South Africa’s missing children

I found this article about missing kids in South Africa; apparently it’s a very serious problem. One paragraph didn’t make sense though:

The Pink Ladies group said less than 70 percent of missing children are found within the first week, but the rest never. The figures are conservative, they said. Many more went missing and were never reported.

So, a child is NEVER found after the first week? I understand the chances of them getting found go down the longer they’re missing, but I have a hard time believing NO ONE gets found after a week. But the idea that less the 70 percent get found in the first week is pretty scary.

Here are a few South African missing children and teens, whose posters are on the NCMEC site:

Veronique Adams, missing since 1989, when she was only a year old. She was abducted by her nanny, named Beauty. I found an article that talks about the disappearance: Veronique Adams was barely a year old when she was abducted. Her mother Junice returned from work to find the house in shambles, the nanny gone and Veronique with her: ‘The people in the street saw her walking down the road with Veronique on her back and a suitcase in her hand, and nobody has ever been able to trace her,’ says Junice.

Shaunice Robin Adams, missing since 1990, when she was a year and a half. The same article I linked to above talks about her case as well: 19-month-old Shaunice Adams was playing with her cousins. Her parents Vincent and Joyce Adams haven’t seen her since. One of the children told Joyce that ‘a woman with an orange overall’ took her by the hand and walked off with her – leaving behind a shattered family.

Maria Blaauw, missing since 1998, when she was fifteen. Classified as a runaway. I found a person by that name on Facebook, residence listed as Johannesburg, but the photos are of a white woman and the missing Maria is black.

Tracy Boucher, missing since 1998. I’m not sure how old she was, because the posters give a default DOB of January 1, 1970 when they don’t know. She appears to have been in her mid- to late teens. She apparently ran away from a children’s home, where she was sent to stay temporarily after her boarding school closed.

Sikumbuzo Cenga, missing since 2000, when he was nine or ten. He was sent out to buy bread and never came back home. I found an Afrikaans-language article that, translated by Google, says: Sikumbuzo Cenga (10) disappeared after his mother took him to a store sent. He was never seen again. The day of his disappearance he was in a blue shorts and a gray shirt dress.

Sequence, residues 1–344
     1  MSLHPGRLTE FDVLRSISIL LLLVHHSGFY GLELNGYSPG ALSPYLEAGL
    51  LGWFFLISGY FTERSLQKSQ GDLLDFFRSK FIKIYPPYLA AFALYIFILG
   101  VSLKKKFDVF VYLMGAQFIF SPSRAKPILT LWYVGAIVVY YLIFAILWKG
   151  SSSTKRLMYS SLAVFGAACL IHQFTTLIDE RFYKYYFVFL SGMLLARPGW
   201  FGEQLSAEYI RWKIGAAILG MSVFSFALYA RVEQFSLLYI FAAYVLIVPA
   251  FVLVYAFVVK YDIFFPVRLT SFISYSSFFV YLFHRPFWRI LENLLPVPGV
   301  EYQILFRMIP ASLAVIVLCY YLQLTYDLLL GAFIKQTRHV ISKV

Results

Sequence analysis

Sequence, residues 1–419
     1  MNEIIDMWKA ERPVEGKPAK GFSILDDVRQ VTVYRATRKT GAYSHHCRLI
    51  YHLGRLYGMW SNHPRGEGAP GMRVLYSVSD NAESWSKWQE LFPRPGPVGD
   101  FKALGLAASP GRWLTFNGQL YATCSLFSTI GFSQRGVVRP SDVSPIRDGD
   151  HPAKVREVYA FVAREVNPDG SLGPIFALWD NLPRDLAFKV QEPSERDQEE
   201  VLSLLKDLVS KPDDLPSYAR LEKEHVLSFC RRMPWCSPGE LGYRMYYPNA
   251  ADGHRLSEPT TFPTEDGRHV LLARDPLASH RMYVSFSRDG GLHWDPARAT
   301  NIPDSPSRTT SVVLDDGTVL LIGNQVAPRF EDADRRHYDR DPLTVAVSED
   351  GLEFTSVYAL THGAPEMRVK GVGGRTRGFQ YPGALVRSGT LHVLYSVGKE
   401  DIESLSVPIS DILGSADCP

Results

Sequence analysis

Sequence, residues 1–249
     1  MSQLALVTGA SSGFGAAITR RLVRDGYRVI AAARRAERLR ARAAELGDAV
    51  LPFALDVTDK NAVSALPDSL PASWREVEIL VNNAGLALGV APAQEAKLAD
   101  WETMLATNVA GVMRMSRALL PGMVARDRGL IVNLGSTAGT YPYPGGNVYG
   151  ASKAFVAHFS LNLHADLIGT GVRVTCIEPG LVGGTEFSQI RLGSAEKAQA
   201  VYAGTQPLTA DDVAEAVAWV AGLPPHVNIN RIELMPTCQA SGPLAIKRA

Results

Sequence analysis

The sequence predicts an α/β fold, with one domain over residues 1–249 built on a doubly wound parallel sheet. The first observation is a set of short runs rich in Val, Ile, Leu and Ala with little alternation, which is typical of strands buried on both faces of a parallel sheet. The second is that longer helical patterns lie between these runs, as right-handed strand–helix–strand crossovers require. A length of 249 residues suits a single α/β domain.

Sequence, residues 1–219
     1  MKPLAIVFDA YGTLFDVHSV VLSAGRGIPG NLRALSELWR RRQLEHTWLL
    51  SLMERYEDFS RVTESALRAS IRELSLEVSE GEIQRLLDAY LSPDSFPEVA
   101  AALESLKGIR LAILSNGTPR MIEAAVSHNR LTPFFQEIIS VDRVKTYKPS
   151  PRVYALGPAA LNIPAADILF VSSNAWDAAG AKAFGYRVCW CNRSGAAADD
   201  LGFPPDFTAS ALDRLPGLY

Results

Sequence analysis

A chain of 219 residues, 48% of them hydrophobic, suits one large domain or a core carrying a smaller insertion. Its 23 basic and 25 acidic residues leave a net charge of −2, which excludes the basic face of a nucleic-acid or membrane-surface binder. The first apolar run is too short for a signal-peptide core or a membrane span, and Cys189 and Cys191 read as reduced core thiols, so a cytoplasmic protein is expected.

Melusi Dladla, missing since 1999. No idea as to his age, though from the picture he looks to have been not older than his early teens. He left for school, never arrived there and never came home.

Lungile Dlamini, missing since 1999, when she was two. She disappeared while playing with some other children.

Charl Duister, missing since 1994, just short of her third birthday. A man her mother had laid a criminal charge against apparently kidnapped her: witnesses saw her getting into his car, and he turned up later without her and said he didn’t know where she was and she had never been with him in the first place.

Hester Du Preez, missing since 2001 on her nineteenth birthday. She was in a car with a man who said he dropped her off near her home, but she never arrived home. Like the Kimberly Moreau case.

Chantelle Gordon, missing since 1996, when she was ten. Suspected family abduction by her father; he might have taken her to Cloetesville.

Renata Ismail, missing since 1999, just before she turned five. (The poster says “Renate” but I found several articles that mention her and all called her “Renata.”) She was abducted by a strange man who climbed through the window and took her from the bedroom. A sketch of the suspect is provided.

Innocenta Lungelo Kentane, missing since 1994, when she was eight. She was supposed to meet her aunt, but never showed up.

Danie Labuschagne, missing since 2000, when he was eighteen. He had AIDS and was living in a home for people with AIDS. He just walked out one day without saying where he was going, and never came back.

Kwesi Lobeloane, missing since 1997, when he was fifteen. It looks like he ran away from home after he crashed his mom’s car.

Francois Louw, missing since 1999, when he was five. He disappeared from the farm where his uncle worked. Farm workers saw him, and then he was suddenly gone. It reminds me of the Richard Ray Barnett case.